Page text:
Horsemen in No Man's Land (Paperback)
British Cavalry and Trench Warfare, 1914–1918
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Of what use were the British cavalry during the years of trench warfare on the Western Front? On a static battlefield dominated by the weapons of the industrial age, by the machine gun and massed artillery, the cavalry were seen as an anachronism. They were vulnerable to modern armaments, of little value in combat and a waste of scarce resources. At least, that is the common viewpoint. Indeed, the cavalry have been consistently underestimated since the first histories of the Great War were written. But, in light of modern research, is this the right verdict? David Kenyon seeks to answer this question in his thought-provoking new study. His conclusions challenge conventional wisdom on the subject - they should prompt a radical re-evaluation of the role of the horseman on the battlefields of France and Flanders a century ago. Using evidence gained from primary research into wartime records and the eyewitness accounts of the men who were there - who saw the cavalry in action - he reassesses the cavalry's contribution and performance. His writing gives a vivid insight into the cavalry tactics and the ethos of the cavalrymen of the time. He also examines how the cavalry combined with the other arms of the British army, in particular the tanks. His well-balanced and original study will be essential reading for students of the Western Front and for anyone who is interested in the long history of cavalry combat.
The book contains some poignant photographs, including a complete cavalry regiment paraded by squadrons, and the bourse lines behind the front line. To that end, if you had to own just one book on the cavalry during the Great War, this is an excellent purchase.Jon Sandison, Freelance
The book is, despite much technical content, highly readable and moves at a good pace through the early battles... It is well illustrated with some good maps and photographs. Personally, I found it most interesting.The Long, Long Trail
It covers in equal detail the opening campaigns of 1914, the Somme Battles, Cavalry on the Hindenburg Line and Arras, Cambrai, Operation Michael and the final Hundred Days of 1918. Kenyan provides the readers, long accustomed to tale of horses charging vainly into certain death ala- Charge of the Light Brigade style, with the truth of the matter.British Cavalry and Trench Warfare, Suite 101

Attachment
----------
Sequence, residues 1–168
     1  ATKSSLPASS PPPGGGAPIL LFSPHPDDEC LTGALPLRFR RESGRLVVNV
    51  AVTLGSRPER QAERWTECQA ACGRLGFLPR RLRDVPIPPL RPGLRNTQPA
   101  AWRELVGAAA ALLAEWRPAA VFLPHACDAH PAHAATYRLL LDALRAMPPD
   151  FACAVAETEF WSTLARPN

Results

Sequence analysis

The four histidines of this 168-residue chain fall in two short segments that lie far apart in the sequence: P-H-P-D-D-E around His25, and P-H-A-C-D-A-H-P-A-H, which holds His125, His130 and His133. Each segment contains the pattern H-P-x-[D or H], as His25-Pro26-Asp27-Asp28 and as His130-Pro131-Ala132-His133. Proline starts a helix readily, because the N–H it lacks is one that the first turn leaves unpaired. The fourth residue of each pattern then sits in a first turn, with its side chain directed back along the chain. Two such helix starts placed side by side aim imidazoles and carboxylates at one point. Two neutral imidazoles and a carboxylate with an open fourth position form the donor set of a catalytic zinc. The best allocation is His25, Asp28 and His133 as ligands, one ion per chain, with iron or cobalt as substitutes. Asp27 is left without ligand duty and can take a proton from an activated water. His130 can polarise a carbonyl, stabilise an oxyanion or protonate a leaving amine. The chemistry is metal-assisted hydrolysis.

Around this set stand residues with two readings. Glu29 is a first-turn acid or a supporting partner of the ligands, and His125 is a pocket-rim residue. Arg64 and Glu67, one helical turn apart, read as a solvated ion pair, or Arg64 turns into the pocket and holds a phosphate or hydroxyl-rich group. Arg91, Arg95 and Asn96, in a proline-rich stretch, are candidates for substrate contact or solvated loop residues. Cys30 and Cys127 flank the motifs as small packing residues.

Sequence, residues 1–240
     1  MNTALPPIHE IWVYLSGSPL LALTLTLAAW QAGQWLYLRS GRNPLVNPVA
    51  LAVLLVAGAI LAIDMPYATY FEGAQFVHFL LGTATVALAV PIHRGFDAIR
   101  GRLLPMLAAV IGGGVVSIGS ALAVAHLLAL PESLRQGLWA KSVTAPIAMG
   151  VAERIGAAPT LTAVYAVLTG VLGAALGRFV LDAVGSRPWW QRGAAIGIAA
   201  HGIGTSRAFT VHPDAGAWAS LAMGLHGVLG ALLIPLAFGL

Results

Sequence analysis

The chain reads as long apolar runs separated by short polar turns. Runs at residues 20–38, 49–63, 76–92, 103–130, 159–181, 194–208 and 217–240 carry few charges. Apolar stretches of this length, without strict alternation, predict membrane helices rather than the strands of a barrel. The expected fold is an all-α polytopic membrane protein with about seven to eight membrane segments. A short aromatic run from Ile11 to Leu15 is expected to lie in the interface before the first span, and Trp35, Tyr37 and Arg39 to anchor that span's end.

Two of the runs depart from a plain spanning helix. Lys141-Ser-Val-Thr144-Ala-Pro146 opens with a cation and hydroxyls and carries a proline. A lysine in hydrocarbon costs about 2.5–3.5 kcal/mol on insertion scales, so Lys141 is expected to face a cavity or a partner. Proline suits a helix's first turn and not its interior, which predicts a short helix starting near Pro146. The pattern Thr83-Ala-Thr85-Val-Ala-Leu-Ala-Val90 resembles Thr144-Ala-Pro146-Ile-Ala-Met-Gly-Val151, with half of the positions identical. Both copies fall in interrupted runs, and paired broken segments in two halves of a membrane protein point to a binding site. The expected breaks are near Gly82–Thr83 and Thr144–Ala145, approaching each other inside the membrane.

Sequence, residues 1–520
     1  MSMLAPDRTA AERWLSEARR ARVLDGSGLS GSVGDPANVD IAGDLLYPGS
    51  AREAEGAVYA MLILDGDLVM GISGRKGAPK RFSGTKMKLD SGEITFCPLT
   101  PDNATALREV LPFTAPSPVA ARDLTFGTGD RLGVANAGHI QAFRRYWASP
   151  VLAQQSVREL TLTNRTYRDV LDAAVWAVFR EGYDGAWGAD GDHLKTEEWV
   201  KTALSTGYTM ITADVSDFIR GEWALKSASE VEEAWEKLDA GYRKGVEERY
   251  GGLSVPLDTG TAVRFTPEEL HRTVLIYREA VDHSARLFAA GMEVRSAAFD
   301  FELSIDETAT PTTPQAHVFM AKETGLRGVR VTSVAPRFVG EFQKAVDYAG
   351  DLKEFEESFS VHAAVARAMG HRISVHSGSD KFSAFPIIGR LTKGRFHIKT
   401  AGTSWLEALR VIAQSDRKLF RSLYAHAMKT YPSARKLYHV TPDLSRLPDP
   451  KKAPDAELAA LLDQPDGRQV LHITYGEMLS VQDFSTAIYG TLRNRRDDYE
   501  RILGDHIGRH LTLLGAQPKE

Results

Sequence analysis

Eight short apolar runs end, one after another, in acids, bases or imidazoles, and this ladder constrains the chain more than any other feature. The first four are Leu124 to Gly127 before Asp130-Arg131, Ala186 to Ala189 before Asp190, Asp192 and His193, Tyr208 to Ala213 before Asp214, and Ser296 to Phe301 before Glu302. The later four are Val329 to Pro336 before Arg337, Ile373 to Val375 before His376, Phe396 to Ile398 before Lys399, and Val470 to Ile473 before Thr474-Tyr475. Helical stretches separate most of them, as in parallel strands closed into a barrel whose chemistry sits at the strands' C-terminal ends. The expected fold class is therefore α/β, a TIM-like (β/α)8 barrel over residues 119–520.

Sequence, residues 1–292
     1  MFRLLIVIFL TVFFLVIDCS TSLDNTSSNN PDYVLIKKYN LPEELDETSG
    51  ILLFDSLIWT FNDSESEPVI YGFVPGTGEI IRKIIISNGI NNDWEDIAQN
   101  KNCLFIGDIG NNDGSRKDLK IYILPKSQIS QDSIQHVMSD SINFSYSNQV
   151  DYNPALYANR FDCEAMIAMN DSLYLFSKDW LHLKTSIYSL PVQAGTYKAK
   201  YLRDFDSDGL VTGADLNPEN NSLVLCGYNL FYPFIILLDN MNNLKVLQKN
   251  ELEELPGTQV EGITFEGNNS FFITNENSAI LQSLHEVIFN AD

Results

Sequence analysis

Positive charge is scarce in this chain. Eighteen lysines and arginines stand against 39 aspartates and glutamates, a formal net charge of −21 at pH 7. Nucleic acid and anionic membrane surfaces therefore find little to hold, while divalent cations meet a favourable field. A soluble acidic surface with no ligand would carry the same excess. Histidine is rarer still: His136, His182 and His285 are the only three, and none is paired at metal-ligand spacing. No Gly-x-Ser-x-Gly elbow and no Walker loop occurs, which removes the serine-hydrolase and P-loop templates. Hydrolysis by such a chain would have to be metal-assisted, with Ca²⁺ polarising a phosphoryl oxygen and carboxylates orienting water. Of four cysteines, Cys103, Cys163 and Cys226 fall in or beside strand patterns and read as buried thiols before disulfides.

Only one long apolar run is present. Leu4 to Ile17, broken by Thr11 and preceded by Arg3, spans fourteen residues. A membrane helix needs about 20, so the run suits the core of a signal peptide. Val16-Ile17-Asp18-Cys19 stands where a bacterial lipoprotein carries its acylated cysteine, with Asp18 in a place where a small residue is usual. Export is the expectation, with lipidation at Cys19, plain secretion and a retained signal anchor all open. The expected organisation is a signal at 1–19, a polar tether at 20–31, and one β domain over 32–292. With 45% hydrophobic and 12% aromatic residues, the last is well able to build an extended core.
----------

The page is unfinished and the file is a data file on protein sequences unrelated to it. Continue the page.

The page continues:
This is a well-researched examination of an otherwise obscure chapter in the history of the First World War.History of War
Now David Kenyon, an historian and horseman and an established Great War archaeologists, has called a compellingly powerful advance against the naysayers and received opinions. As well as describing the cavalry milieu, it’s thinking, organisation and its frequent dismounted deployment concentrates on its activities in the role most would consider traditional.The Western Front Association, Stand To! No 93
Kenyon’s arguments are logical and largely persuasive and well expressed.
Horsemen in No Man’s Land is a book which serves wide readership.
The accepted history of the British cavalry’s contribution during the protracted stalemate of trench warfare is uninspiring. This book by David Kenyan sets out to entirely reset perceptions of the subject. The resulting work is genuinely thought-provoking and mounts a serious challenge to the long- proffered negative view of the cavalryman on the Western Front. This is a well researched insight into the use of British and dominion cavalry formations throughout the Great War. It will certainly trigger discussion and perhaps some rebalancing of opinion- I enjoyed having my view changed.Soldier Magazine, Feb 2012
… is a long overdue analysis of the role played by British and Indian mounted troops during the campaigns on the Western Front. The author brings to bear his lifetime to equestrian experience in re-assessing the successes and failures of the Cavalry Corps and has managed to bring the text to life with some excellent maps and photographs. The Foreword to the book by Richard Holmes was one of his last chances to cast his eye over the work of a fellow historian and he wholeheartedly commends Kenyon’s analysis and endorses his conclusion that the cavalry’s contribution to the successful execution of the war has been under-appreciated.Guards Magazine
This is a well balanced and considered study of the tactics and ethos of the cavalryman and makes for absorbing reading.The Great War, Nov 2011
Kenyon argues that below brigade level the cavalry was tatically effective. Commanders on the ground were able to react to local situations with some degrees of success – it was at higher levels that the failings occurred…Britain At War, October 2011
It is a more than admirable effort, and sheds new light on wider issues, beyond general misconceptions.Daly History Blog